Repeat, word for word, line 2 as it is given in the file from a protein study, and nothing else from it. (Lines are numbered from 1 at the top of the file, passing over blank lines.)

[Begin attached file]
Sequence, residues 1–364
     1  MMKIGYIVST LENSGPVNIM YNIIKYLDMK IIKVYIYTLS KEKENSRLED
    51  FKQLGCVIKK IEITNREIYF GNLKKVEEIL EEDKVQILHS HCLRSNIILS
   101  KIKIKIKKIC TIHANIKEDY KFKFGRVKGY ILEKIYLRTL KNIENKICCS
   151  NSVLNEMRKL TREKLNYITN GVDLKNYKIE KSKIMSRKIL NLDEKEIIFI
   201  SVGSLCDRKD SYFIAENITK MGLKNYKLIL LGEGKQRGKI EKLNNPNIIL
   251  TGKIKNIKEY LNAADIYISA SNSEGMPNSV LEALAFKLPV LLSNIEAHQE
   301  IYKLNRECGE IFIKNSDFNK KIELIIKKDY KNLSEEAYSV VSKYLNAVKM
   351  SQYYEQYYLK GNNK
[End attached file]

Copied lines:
     1  MMKIGYIVST LENSGPVNIM YNIIKYLDMK IIKVYIYTLS KEKENSRLED